Sen. Grace Poe is doubling down on her challenge to pertinent government agencies and telecommunications companies to get the country’s internet connectivity at least on par with its regional neighbors at a lower cost.
The chairperson of the Senate committee on public services reiterated that this is especially crucial today when being online has become the new normal for most students, employees, and just about anyone in the face of the COVID-19 pandemic.
“We have so far received the progress reports of the Department of Education (DepEd) and Globe Telecom only, and expect others also to submit ASAP,” said Poe who issued the July 13 deadline for detailed plans on how to improve internet service and coverage across the country.
In a television interview Monday, Poe said she also expected the telcos to inform her committee of how they intend to assist the DepEd in implementing distance learning, “Anong gagawin nila para magkaroon ng tulong sa DepEd ngayong may distance learning?”
The senator said she was also waiting for the guidance and initiatives of the Department of Information and Communications Technology “so that acquiring permits to build a cell tower will take a shorter time,” as mandated by the Anti-Red Tape Act (ARTA).
Poe emphasized that had the ARTA been properly implemented in this regard, it would have helped in boosting the country’s overall internet speed.
“Improving the country’s internet connectivity is a pressing challenge and it is only fitting that we work hand in hand to make this happen,” the senator said.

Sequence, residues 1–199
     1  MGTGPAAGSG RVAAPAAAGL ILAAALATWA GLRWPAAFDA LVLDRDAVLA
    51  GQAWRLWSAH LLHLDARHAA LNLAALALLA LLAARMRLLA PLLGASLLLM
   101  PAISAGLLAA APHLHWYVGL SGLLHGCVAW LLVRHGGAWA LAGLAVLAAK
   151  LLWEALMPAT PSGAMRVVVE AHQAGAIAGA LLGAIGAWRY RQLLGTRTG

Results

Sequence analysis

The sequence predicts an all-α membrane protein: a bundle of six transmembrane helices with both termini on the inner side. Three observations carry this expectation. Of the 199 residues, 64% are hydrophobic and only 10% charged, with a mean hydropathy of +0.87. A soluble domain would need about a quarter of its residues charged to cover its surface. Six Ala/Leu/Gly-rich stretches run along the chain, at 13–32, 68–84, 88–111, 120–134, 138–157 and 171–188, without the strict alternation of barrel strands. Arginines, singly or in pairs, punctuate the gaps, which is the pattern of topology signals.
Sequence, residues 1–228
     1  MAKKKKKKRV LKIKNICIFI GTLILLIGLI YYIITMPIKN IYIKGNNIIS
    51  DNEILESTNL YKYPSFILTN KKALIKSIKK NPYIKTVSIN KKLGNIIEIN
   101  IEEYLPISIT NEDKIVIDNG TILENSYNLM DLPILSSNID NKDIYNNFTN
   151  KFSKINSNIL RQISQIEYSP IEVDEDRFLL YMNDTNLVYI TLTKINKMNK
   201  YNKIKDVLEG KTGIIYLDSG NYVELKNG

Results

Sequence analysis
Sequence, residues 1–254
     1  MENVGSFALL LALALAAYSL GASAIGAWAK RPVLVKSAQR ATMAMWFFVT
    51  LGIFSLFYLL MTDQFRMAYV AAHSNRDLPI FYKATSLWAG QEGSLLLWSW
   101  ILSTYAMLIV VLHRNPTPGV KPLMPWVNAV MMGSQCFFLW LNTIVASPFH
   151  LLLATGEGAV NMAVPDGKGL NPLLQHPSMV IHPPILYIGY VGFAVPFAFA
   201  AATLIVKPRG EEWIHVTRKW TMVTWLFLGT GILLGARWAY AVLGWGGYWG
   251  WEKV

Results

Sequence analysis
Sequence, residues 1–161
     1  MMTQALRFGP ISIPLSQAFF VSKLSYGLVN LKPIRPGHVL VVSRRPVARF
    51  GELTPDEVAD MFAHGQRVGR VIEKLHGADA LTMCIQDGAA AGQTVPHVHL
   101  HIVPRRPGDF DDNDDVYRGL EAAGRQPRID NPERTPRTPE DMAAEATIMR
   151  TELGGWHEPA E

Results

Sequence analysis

Poe noted that while there are at last count around 73 million internet users in the Philippines, 30 percent of Filipinos have no access to the internet using a cell phone, compared to the 12-percent average among ASEAN countries. The numbers are even lower for fixed broadband, as a measly four percent of Filipinos are able to subscribe to the service while the regional average stands at 10 percent.
The most recent Speedtest Global Index report had the Philippines sliding down further to 114th place (out of 138 countries) when it comes to mobile connection speed, as it can only average 16.17 mbps compared to the 110.10 mbps of South Korea that sits at number one. It is even worse for fixed broadband, with an average speed of only 23.74 mbps, good for 108th place (out of 174 countries). This lags way behind first-placed Singapore, which averages 208.16 mbps.
Many Filipinos cannot also afford such a service: PLDT’s lowest fiber service plan of 10 mbps is priced at P1,299 monthly, Globe offers 5 mbps at P999 per month while its highest plan of 200 mbps is priced at P4,449. Converge has the cheapest plan at P1,500 for a top speed of 25 mbps, but this is because it has no landline service that comes with the package, unlike its competitors.
“Lubhang nakakalungkot ang mga numerong ito lalo na sa panahon ngayon na kailangang-kailangan ng mga Pinoy ang internet connection para sa mga nagwo-work from home at sa mga estudyante na sasabak na sa distance learning dulot ng pandemya (These numbers are really lamentable especially today when internet connection is crucial for Filipinos working from home or students who will be undergoing distance learning because of the pandemic),” Poe said./Stacy Ang